When we take on tenkara as a practice or even a simple past time, we must remember that it is not ours to do with as we wish. We should hold tenkara as something put in our care. Why does it matter though? Well, if you take some time to understand the Japanese culture, you will know that a gift given is usually reciprocated in a small way. So, what are you giving back? Are you only receiving without so much as a reverent look into understanding tenkara’s history and Japanese culture? I hope that at the very least, part of our gift back to Japan would be that we don’t tarnish their gift to us with “Westernized” modifications that do not respect or compliment the basics of tenkara.
Ask yourself, “If you had to give tenkara back, would it be in the same condition as you received it?” Which brings me to the next point.
“Please, don’t put ketchup on the sushi.”
We all like to dabble and try new things out. This may be why you have found tenkara interesting in the first place. It is however important to know things just as they are. Many have the idea that they must add something to make the experience more comfortable or familiar. Others foolishly think they can improve it without even knowing it or tasting it. Adding things to tenkara or messing with its nature of simplicity, defeats the point of tenkara and is like putting ketchup on sushi. Fish and practice tenkara like it was intended to be practiced. Tenkara does not need to be modified to make you feel more comfortable. It does not need to evolve outside of a rod, a line and a fly. There is no need to apply “new” techniques to it presentation.
Don’t dwell in ignorance
When I first found tenkara, I tried to learn all that could about it. The information 10 years ago though, was not nearly as accessible as it is today. There are now greater resources for tenkara, and you can even take classes with real masters of tenkara. There are books, videos, pod casts, blogs, and more. Don’t ignore these resources. More than this, know that ignorance of cultural traditions and history is not a virtue to brag about. Neither is brushing aside a whole culture’s gift to you like a spoiled child who claims to know it all. Keep learning. Be mature. A little knowledge and an open mind to learning are a pathway to understanding any subject. It is difficult to watch ignorance. It is even more difficult to watch others celebrate in it and encourage it in others.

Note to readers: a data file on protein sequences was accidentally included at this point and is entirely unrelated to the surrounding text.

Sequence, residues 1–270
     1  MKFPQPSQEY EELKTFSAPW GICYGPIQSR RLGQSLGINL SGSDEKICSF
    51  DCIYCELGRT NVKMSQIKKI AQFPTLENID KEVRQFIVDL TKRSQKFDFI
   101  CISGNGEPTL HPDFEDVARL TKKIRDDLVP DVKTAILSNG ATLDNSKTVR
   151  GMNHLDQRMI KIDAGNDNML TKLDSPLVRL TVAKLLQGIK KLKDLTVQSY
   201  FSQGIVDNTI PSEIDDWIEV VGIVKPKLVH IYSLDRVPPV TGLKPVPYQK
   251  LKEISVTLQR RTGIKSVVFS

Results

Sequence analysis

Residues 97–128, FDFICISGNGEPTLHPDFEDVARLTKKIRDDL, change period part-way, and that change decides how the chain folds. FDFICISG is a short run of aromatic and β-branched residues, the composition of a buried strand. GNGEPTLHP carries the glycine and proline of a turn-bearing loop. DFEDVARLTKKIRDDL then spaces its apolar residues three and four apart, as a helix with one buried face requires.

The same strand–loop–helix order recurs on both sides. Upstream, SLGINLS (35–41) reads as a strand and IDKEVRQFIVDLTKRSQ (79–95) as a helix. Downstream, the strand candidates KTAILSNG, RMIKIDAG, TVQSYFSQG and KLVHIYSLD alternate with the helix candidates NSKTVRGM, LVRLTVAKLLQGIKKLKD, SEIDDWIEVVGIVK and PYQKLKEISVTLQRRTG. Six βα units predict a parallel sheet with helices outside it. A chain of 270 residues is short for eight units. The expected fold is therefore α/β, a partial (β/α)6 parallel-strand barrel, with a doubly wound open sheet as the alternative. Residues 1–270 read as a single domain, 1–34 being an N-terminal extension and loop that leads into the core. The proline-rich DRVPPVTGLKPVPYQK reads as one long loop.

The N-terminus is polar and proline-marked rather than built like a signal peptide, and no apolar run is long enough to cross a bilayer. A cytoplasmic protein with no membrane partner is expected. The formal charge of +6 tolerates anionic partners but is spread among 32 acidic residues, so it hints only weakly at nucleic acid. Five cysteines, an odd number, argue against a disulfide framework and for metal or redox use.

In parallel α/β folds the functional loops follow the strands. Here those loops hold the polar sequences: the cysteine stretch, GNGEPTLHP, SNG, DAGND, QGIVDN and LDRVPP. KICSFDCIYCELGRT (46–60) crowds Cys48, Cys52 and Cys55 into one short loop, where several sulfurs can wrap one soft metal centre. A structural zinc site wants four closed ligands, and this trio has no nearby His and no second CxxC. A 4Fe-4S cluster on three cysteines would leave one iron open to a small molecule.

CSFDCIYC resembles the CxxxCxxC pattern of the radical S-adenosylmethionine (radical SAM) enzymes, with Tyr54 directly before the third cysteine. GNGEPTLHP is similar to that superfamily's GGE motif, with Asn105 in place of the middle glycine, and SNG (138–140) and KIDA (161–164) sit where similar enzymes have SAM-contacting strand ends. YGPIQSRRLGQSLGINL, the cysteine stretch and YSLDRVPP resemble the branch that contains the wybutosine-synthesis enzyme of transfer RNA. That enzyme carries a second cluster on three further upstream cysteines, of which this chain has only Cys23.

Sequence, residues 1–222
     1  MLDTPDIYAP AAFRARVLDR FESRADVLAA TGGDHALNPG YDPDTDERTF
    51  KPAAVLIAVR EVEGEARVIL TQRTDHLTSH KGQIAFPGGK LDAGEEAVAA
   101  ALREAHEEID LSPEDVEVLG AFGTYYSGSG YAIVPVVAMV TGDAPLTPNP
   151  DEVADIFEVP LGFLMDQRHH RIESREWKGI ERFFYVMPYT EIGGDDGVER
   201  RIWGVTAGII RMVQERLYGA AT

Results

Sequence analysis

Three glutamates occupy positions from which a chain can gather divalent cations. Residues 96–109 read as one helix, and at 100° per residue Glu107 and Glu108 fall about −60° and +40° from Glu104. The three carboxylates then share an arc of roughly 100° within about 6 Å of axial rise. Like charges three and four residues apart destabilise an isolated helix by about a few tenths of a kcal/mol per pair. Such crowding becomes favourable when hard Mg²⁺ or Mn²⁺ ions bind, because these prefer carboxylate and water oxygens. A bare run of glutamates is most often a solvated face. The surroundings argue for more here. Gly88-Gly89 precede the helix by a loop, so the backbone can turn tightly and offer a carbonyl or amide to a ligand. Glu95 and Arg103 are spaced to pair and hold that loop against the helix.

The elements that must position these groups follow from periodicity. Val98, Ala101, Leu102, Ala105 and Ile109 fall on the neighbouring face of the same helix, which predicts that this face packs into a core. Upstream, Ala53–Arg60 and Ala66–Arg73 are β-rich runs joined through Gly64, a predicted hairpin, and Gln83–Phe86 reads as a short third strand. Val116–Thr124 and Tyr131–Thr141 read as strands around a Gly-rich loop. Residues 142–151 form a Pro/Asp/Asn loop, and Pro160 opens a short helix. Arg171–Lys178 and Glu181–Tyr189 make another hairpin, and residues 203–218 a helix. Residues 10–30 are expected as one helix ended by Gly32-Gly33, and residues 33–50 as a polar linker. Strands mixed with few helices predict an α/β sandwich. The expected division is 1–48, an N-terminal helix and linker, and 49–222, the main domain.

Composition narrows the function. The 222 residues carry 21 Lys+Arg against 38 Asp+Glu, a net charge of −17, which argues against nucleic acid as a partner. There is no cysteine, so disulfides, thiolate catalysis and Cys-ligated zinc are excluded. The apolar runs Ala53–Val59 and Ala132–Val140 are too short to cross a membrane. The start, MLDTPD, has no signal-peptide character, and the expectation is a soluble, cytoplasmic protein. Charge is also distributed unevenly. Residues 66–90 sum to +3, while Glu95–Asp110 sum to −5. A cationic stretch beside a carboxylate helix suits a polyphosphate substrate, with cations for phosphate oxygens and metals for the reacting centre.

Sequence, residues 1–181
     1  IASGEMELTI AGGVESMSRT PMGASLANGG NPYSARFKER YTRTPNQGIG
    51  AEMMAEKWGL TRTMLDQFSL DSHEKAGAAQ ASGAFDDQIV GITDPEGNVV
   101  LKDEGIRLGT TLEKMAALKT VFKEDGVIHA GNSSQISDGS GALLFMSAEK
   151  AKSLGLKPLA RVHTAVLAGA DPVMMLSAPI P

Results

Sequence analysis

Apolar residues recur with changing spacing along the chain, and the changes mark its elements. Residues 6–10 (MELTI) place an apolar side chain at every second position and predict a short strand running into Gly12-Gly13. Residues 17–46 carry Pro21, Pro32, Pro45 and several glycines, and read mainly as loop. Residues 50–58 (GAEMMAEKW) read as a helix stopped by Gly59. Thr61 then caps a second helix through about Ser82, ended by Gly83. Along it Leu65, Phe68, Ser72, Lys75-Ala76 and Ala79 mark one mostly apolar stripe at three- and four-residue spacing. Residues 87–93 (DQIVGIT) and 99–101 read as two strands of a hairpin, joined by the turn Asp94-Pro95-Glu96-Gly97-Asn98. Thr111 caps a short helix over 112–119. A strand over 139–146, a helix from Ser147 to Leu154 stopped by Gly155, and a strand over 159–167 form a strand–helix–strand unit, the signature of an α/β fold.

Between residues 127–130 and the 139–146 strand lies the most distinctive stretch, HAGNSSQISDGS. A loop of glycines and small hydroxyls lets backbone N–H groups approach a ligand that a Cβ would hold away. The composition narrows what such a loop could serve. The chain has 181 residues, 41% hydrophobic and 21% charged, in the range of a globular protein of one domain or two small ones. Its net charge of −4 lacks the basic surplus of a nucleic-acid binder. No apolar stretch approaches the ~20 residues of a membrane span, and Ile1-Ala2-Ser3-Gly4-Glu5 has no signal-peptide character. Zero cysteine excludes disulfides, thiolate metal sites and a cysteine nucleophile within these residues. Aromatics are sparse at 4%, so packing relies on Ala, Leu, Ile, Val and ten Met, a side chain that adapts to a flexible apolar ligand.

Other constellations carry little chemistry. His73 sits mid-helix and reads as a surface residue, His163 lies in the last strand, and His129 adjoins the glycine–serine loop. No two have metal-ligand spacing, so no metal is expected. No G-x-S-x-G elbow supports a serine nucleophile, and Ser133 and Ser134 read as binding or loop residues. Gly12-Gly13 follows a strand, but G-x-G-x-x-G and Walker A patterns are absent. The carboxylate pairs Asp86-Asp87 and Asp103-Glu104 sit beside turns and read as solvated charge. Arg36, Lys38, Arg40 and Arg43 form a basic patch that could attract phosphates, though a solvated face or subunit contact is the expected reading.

So why do I give a damn?
I have written this because I care. Tenkara has filled a hole in my life and has given me healing for my combat PTSD. I have cleared the halfway mark of my life and with that a different understanding of what matters settles into your thinking. Is it wisdom? I don’t know; and I don’t know for even a minute if what I have written will make a difference to anyone in this latest generation of tenkara enthusiasts. I do know that I have a perspective that I think is valid enough to share. I know that I can at least say that I stood up for something I believed in and tried to give back what I could of this gift from Japan in speaking up for its integrity. Having spoken now I can only go forward and live by example. I did not come to argue or debate. Only give others the opportunity to slow down and taste tenkara.
Dennis Vander Houwen is an early adopter of tenkara, he lives and fishes all over Colorado. For more information on living simply or approaching a richer life with fewer things check out his blog, Tenkara Path, where you can also support his tenkara lifestyle by purchasing one of his amazing, handmade tenkara line spool, fly keepers.